Seth Finch

May 21, 2019

Journey to Jazz


Pianist, Seth Finch, is a junior at Baton Rouge Magnet High School. Seth toured Europe as part of the National Youth Orchestra (NYO) for Jazz at Carnegie Hall. Led by jazz trumpeter, Sean Jones, Seth and 21 talented young musicians from around the country had the opportunity to work with Diane Reeves, Gerald Clayton, and Wycliffe Gordon.  Seth will join NYO for a second time this summer touring with Kurt Elling in five cities in Asia.  Earlier this year, he was awarded Honorable Mention in the National Young Arts competition and performed in Miami.

When did you fall in love with jazz music?

I fell in love with jazz music during seventh grade. I had mostly been listening to rock, RnB, and pop music before I discovered the music of Herbie Hancock. His funk/jazz fusion works were a gateway to the world of jazz for me because they sounded like the RnB music I was listening to at the time, but with a little extra something. So as I kept searching, I found that the secret ingredient was jazz harmony, which was more interesting to me because of its richness and complexity. From there, I knew I needed to take jazz piano lessons. I started taking with Mike Esneault, and he got me into the straight-ahead music of Oscar Peterson and Wynton Kelly. After that, I started exploring music on my own until I found myself completely engulfed in the world of jazz music.

Who are your musical influences?

I have way too many to list here, but I'll try my best to pick my top influences. Some of my favorite jazz piano players are Wynton Kelly, Thelonious Monk, Benny Green, Oscar Peterson, Keith Jarrett, Chick Corea, Herbie Hancock, Paul Bley, and Robert Glasper. I also love the music of D'angelo, Erykah Badu, Kendrick Lamar, Cecil Mclore Salvant, and Moonchild,

If you could play with any jazz artist who would it be, dead or alive?

If I could play with any jazz artist, it would definitely be Ray Brown. His work with Oscar Peterson and Benny Green is some of my all-time favorite music on Earth, just because it sounds like so much fun to play! Ray Brown's bass always exudes this beautiful energy of love, positivity, and intimacy that is rare to find nowadays. Plus, playing with someone who was such an integral part of the history of jazz would be absolutely inspiring.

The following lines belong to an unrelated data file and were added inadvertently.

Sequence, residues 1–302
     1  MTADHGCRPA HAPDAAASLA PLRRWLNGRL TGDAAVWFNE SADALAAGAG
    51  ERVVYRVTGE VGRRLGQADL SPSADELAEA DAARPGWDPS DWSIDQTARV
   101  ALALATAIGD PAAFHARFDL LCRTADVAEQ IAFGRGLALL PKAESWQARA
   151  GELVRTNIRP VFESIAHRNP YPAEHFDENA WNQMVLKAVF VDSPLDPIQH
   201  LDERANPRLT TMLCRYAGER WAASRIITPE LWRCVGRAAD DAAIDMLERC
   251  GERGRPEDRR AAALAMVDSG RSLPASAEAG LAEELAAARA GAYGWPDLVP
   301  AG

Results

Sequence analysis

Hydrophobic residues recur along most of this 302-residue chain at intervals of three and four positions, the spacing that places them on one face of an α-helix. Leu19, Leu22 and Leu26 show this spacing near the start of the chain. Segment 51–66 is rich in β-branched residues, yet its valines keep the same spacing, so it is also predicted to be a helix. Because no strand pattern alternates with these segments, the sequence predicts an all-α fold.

What are your thoughts on the music opportunities in Baton Rouge?

I think that there are lots of music opportunities for musicians in Baton Rouge, thanks to venues like Mid City Ballroom, Dyson House Listening Room, and Chorum Hall. Especially for rock/indie bands, there is a pretty active scene and lots of restaurants and venues to book. Also, The Arts Council has done an amazing job of attracting tons of world-class jazz artists to play at the Manship Theatre and Chorum Hall. There are always opportunities to see great jazz music in Baton Rouge, which is rare in most cities, and it is a very nice luxury. I have been lucky enough to play some gigs through the Arts Council myself, actually. Of course, there could always be more opportunities for musicians everywhere, and I'm looking forward to seeing how the scene continues to develop and grow over the next few years.

What is your greatest memory when playing jazz music?

My greatest memory when playing jazz is from a concert in Berlin with NYO Jazz last summer. This was the last show of the entire 4-week-long program, so it was a pretty emotional performance for the band. We were playing Isfahan, the great Duke Ellington ballad, which happened to feature our lead alto saxophonist, Kevin Oliver Jr. There was supposed to be a bar of silence in the melody at the end of the piece, but our drummer, Domo Branch, hit the bell of his ride cymbal and let it ring out. Kevin looked back at Domo, and the band started to laugh, along with the audience. It was just a very tender, playful moment that I know the audience took home with them that night because it showed how much everyone on the stage loved each other.

What are your plans this summer?

I have lots of trips booked this summer. I'll be staying in New Orleans for a week at the Loyola Jazz Camp, then I'll be going to Portland for a couple of days to play a gig up there with Domo in June. After that, I'll briefly be home for my birthday on the 25th. But from June 29th to July 13th, I'll be participating in the Skidmore Jazz Institute, which is a wonderful jazz camp in Saratoga Springs. Right after that, I will be participating in NYO Jazz for the second time from July 13th to early August. NYO Jazz is a program through Carnegie Hall, where 22 jazz musicians aged 16 to 19 are selected from across the nation to learn a broad repertoire of big band music under the direction of Sean Jones and a world-class faculty of musicians. After the two week rehearsal period, the band plays a show at Carnegie Hall before embarking on a tour of China and South Korea, where we will play six shows.

Do you have any upcoming performances?

Unfortunately, because I'll be out of town so much this summer, I don't have anything planned soon. In the fall, though, I'll be playing at Chorum Hall again with the Simon Lott Trio.